The breakfast event featured several conferences around the theme “See beyond transparency”. The aim was to present a regulatory overview in France and in Europe, as well as the challenges and opportunities it raises.
Simmons & Simmons
Strategy Director, Veeva OpenKey, Veeva Europe
Regulatory Affairs Expert, BMI SYSTEM
Alexandre Regniault, Lawyer at Simmons & Simmons, first introduced the transparency requirements for the healthcare industry in France and in Europe.
Even though the EFPIA enforces disclosure requirements on transfers of value through its Code of Disclosure in order to standardise transparency policies across Europe, local laws and regulations vary from one country to another.
To illustrate the implementation of these regulatory requirements, Anne-Sophie Idée, Compliance Officer at Takeda, presented the implementation of transparency at Takeda in France, the challenges it brought up and the benefits arising from it.
The main problems encountered were on collecting reliable data, which represents an important amount of data to treat, and on identifying the HCPs as well as informing them during and after disclosure.
Internal tools were set up to face these challenges, such as traceability tools, training sessions and audits.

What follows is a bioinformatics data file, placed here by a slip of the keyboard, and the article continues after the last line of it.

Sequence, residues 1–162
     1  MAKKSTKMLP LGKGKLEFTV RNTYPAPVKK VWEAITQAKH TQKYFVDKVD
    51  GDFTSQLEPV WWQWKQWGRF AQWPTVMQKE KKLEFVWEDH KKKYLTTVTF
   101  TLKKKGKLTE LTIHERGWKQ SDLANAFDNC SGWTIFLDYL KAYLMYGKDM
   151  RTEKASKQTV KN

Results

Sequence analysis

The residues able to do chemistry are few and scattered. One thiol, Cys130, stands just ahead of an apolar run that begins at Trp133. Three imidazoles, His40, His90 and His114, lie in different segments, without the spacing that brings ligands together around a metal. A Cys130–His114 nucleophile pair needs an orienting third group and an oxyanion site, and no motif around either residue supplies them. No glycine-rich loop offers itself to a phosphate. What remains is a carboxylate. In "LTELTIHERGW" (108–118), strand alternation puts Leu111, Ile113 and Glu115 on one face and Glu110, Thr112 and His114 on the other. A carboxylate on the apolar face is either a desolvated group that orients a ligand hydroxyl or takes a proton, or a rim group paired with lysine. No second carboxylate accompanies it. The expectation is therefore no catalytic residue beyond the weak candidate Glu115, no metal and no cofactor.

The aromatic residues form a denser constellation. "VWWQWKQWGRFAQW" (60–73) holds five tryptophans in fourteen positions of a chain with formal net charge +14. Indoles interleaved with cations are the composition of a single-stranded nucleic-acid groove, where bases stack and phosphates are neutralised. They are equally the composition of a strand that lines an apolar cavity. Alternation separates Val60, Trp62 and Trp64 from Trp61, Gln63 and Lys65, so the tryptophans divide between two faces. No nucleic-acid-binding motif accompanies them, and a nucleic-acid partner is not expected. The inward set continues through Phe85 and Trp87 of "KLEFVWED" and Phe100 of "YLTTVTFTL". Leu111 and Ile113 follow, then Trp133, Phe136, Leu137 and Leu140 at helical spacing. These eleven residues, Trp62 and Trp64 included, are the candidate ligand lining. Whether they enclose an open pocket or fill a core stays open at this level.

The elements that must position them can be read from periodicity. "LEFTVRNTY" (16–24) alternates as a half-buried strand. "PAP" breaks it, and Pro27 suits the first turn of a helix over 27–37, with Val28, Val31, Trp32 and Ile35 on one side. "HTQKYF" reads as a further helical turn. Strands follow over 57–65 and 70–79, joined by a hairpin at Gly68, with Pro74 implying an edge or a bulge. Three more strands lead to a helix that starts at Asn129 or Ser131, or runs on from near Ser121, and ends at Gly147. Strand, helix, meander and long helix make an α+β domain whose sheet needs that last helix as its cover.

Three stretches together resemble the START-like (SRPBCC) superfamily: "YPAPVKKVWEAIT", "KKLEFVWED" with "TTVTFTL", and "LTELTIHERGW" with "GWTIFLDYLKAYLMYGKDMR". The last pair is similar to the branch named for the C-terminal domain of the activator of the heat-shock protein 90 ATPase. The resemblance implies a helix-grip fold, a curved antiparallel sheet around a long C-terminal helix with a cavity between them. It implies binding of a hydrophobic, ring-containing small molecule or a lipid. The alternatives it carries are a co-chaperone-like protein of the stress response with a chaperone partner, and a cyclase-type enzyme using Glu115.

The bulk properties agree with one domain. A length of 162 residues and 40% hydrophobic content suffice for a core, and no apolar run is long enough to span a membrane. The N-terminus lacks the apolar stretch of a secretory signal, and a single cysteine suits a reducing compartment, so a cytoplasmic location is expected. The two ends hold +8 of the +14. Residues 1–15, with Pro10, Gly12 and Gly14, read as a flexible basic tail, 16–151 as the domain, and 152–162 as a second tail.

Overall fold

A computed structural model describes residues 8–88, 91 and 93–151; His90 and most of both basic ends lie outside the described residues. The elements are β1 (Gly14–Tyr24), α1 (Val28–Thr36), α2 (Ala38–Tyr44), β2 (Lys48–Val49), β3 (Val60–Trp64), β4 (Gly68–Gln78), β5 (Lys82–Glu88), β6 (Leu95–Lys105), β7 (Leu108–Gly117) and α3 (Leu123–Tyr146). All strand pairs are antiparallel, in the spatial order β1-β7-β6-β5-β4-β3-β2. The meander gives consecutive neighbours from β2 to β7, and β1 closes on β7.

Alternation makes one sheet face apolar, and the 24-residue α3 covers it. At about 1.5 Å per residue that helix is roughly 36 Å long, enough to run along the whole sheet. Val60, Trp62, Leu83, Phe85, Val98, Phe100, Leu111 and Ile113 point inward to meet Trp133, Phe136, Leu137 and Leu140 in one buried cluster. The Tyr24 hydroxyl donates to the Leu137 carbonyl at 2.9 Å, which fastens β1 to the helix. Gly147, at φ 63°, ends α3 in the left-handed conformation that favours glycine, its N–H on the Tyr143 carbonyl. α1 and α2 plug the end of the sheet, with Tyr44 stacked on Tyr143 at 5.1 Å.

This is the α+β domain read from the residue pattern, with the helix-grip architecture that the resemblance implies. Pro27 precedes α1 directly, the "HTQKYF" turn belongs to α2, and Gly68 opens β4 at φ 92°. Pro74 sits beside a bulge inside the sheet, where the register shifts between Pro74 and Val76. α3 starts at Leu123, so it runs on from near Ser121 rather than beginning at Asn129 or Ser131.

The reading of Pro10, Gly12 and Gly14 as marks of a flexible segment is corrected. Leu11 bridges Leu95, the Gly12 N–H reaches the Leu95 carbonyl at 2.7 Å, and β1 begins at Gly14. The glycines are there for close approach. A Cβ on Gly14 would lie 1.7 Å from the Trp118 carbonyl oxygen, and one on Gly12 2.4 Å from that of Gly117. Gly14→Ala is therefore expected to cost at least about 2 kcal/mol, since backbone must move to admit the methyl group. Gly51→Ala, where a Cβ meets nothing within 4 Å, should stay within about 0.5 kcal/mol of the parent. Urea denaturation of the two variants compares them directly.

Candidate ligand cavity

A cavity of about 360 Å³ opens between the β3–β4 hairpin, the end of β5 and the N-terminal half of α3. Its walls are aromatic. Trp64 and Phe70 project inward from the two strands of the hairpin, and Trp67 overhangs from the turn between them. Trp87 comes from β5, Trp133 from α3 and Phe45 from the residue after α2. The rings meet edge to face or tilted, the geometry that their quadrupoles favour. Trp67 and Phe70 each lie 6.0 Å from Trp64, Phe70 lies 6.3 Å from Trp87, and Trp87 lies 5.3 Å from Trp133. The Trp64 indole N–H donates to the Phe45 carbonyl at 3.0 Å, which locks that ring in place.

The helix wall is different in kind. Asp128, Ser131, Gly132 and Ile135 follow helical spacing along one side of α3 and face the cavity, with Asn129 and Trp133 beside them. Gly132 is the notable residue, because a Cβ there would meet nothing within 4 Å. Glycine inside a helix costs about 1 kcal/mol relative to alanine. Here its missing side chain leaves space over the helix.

Finally, these regulatory requirements enabled Takeda to improve the accuracy of forecasted and actual data entries as well as its data management.
Indeed, when properly managed, transparency can and must become an asset for healthcare companies, Guillaume Roussel from Veeva Systems and Laurent Clerc from BMI SYSTEM explained.
In France, with a two-year hindsight on disclosure, now is the time to ask ourselves what the next steps are in terms of transparency.
The main issue currently focuses on the quality and reliability of collected data, and in particular, regarding the identification of HCPs and HCOs. A survey conducted by Veeva reveals that the companies surveyed identify this issue as an obstacle to disclosure.
This must come with a cost rationalisation taking an economic approach based only on the information needed for disclosure.
Indeed, a healthcare company uses only about 10% of its HCP database. An “on request” update of this database is therefore more economically valuable than a global update.
Finally, it is crucial to be able to anticipate and prevent risks related to relationships between healthcare companies and HCPs and HCOs:
• Inconsistencies between forecasted and actual expenses
• Conflicts of interest
This breakfast encountered a great success and enabled BMI SYSTEM to meet its clients and prospects in an informal and friendly atmosphere.
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